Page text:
Worms and grasshoppers for lunch at prestigious £20,000-a-year girls’ school

Hattie, centre, from the junior school, bravely watches a grasshopper, while Alice and Nina from the senior school look on – Brighton Pictures

For many people, the phrase “school dinner” conjures up images of a custard custard, a cornflake tart or the ubiquitous sponge topped with hundreds and thousands.

But eco-conscious pupils at one of the country’s most renowned private girls’ schools will be able to sample more exotic fare such as worms, crickets and wrens as part of a trial menu.

North London Collegiate School (NLCS), which charges £20,000 a year, is experimenting with dishes such as Chinese-style noodles with teriyaki grasshopper, sweet chilli and lime crickets and Mexican rice with buffalo worms as part of the movement in a more sustainable direction. catering.

The trial menu will last a few weeks, but could be rolled out permanently if popular.

It is part of a movement voted on by students to ensure that school menus are more environmentally friendly.

Dame Esther Rantzen – who once asked London Zoo if she could let a rooster peck at her face in preparation for an I’m a Celebrity…Get Me Out of Here bug eating challenge! – is an alumna.

A mostly vegetarian menu is already available, with two-thirds of the dishes being meat-free, and each form has an eco-representative who reports on the students’ ideas to make school life greener.

NLCS is a founding member of the London School Eco Network, where schools across London collaborate on national green initiatives, such as the Youth Climate Summit.

With exam season approaching, school dinners included healthy desserts such as chocolate brownies made with beetroot, courgette cake with lemon drizzle, and energy balls made from oats and raisins.

Shobika tries the grasshoppers being served for lunch - Brighton Pictures

Shobika tries the grasshoppers being served for lunch – Brighton Pictures

Guy Kaye, general manager of catering at NCLS, said: “We are committed to driving sustainability without compromising the satisfaction of the pupils we serve.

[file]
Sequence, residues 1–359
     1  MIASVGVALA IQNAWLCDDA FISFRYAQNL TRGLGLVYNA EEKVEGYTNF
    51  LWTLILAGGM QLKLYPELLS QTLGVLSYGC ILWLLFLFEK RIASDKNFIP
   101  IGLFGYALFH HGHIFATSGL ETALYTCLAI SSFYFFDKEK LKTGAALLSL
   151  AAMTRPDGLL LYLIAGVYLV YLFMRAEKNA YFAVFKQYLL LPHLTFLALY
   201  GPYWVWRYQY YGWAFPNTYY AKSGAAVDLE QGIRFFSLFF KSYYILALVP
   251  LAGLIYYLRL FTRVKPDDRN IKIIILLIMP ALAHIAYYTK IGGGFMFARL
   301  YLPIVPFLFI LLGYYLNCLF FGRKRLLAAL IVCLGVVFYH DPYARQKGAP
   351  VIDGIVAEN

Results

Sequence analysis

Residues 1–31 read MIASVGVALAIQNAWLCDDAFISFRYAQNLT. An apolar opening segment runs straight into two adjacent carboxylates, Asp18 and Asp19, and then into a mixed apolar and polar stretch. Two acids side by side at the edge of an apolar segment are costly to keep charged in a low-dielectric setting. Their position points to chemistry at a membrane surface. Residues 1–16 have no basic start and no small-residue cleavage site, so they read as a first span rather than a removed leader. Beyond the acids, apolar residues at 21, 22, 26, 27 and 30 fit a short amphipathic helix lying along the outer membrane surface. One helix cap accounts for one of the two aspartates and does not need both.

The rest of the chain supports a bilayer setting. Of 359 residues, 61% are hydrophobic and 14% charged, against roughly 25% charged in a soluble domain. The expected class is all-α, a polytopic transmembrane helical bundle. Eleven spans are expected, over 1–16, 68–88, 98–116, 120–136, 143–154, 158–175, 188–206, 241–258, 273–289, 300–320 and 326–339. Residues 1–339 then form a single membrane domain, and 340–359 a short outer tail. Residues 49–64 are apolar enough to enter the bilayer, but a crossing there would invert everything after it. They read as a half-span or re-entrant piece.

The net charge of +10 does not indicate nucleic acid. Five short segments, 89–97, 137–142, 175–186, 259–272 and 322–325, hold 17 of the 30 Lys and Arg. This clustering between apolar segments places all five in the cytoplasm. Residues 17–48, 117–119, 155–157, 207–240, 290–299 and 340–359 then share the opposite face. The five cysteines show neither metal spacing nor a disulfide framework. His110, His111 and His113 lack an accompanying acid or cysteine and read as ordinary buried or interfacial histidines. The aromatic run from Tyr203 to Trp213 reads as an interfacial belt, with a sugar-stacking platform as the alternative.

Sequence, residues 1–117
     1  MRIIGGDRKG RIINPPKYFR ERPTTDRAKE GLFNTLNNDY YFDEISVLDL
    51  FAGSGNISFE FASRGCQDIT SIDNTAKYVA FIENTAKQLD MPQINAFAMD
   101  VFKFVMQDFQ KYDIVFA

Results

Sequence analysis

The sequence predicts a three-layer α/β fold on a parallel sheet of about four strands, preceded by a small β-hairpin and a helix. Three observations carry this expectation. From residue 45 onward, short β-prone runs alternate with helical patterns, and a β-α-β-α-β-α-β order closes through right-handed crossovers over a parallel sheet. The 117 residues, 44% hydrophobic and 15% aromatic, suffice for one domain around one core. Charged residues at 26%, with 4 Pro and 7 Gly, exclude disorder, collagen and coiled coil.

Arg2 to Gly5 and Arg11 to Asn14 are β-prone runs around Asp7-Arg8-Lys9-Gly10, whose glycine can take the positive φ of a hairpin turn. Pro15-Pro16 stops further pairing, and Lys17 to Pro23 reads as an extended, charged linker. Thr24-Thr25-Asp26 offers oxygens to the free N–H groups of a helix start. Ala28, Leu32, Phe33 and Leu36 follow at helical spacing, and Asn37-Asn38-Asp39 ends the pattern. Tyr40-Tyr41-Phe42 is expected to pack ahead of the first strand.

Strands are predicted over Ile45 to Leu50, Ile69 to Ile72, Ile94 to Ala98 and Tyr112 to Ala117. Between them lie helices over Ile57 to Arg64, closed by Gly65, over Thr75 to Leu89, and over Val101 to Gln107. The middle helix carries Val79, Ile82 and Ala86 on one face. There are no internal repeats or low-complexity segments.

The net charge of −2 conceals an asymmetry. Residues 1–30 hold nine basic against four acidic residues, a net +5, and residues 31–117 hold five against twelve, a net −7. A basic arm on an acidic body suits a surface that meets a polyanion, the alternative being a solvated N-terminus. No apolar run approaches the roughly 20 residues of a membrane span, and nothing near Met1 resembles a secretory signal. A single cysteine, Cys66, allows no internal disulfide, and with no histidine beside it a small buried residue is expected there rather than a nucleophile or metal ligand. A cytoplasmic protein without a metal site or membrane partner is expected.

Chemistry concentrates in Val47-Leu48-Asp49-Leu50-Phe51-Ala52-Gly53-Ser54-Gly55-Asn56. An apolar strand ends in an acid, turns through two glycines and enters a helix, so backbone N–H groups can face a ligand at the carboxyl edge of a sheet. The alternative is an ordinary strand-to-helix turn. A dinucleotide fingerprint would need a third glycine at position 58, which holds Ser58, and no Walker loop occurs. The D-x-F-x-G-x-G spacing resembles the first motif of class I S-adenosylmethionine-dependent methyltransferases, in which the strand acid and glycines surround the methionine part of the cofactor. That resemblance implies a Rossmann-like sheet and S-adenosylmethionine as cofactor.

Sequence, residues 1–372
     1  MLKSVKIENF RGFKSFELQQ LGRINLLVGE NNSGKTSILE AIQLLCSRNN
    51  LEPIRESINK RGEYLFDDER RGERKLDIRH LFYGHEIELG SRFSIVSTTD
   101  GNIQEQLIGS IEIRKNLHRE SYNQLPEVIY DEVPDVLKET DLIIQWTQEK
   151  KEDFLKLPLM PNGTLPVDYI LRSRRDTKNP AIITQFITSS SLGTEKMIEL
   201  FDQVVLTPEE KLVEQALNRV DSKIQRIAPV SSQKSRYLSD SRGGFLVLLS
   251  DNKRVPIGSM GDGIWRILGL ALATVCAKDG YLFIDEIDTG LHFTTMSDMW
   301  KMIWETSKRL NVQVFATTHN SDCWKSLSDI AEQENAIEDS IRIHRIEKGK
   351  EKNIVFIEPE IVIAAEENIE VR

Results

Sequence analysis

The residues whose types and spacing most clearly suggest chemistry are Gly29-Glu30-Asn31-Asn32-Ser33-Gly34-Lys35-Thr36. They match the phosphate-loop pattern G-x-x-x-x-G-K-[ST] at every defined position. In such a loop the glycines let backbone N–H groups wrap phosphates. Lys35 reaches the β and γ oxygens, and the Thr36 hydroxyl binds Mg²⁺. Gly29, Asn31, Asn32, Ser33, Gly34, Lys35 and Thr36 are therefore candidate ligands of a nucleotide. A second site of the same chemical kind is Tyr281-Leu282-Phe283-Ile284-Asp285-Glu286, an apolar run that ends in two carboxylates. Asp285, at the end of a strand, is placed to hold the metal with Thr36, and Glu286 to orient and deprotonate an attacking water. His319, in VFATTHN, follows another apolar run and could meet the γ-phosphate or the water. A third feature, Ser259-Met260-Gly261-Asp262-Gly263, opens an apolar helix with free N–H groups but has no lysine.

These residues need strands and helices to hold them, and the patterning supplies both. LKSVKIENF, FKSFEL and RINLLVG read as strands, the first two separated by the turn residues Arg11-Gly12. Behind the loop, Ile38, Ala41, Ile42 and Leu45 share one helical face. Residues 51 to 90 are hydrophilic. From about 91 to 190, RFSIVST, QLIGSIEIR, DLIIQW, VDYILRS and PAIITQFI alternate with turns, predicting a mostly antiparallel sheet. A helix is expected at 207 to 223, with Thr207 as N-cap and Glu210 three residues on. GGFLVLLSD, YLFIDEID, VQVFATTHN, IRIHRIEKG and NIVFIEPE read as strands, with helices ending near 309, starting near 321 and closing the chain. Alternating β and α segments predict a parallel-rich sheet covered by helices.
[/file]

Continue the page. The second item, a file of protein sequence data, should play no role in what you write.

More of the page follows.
“The girls have been driving the change, and they are very happy to try new things that are better for the world, even if that includes trying edible insects that are very common in other parts of the word and a sustainable source fibers. .”

Farming insects causes significantly less greenhouse gas emissions than traditional meat farming, with insects emitting 75 percent less carbon than poultry farms.

Insects are also widely eaten around the world, and many countries, such as Korea, Tanzania and Mexico, consider them delicate.

This Morning presenter and former pupil of the school, Alice Beer, told the Telegraph: “I’m sure north Londoners will make dietary decisions that balance their ethical, moral and sustainable beliefs.

“I personally wouldn’t eat anything on that menu. I would probably prefer insects to cows.

“It would be the catering staff that would have to adapt though. In my day the white women treated one or two vegetarians a year that they were a little sad.”

The insects were sourced from the UK by the Souschef website, which described its insect products as having a “nutty” taste and suggested they could be used in recipes such as “insect pasta” or that cricket flour could be added to cakes and on the. for consumers feeling too squeamish to try a whole one.

Souschef admitted his products are expensive, with a 15g bag of Peri Peri Roast Cricket costing £2.90.

However, he added that since farming insects for human consumption was new, many of the processes were “labour intensive” and “not yet streamlined for maximum efficiency”.

The company also attributed the high costs to low demand, because “eating insects is still not very popular in Western culture”.

However, the unusual ingredients may have some unexpected health benefits, as well as being more environmentally sustainable than meat products.

A 2019 study by the University of Teramo in Italy found that grasshoppers, silkworms and crickets had several times the concentration of antioxidants found in orange juice.

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